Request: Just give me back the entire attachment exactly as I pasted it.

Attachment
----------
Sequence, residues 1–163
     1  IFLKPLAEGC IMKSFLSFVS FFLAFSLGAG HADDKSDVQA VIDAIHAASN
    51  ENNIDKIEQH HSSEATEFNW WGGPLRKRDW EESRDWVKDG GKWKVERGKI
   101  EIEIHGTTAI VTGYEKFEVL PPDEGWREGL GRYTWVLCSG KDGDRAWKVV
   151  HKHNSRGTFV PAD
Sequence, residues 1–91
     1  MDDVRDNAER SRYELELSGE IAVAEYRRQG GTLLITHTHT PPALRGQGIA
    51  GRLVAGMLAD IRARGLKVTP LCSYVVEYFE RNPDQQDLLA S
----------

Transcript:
Sequence, residues 1–163
     1  IFLKPLAEGC IMKSFLSFVS FFLAFSLGAG HADDKSDVQA VIDAIHAASN
    51  ENNIDKIEQH HSSEATEFNW WGGPLRKRDW EESRDWVKDG GKWKVERGKI
   101  EIEIHGTTAI VTGYEKFEVL PPDEGWREGL GRYTWVLCSG KDGDRAWKVV
   151  HKHNSRGTFV PAD
Sequence, residues 1–91
     1  MDDVRDNAER SRYELELSGE IAVAEYRRQG GTLLITHTHT PPALRGQGIA
    51  GRLVAGMLAD IRARGLKVTP LCSYVVEYFE RNPDQQDLLA S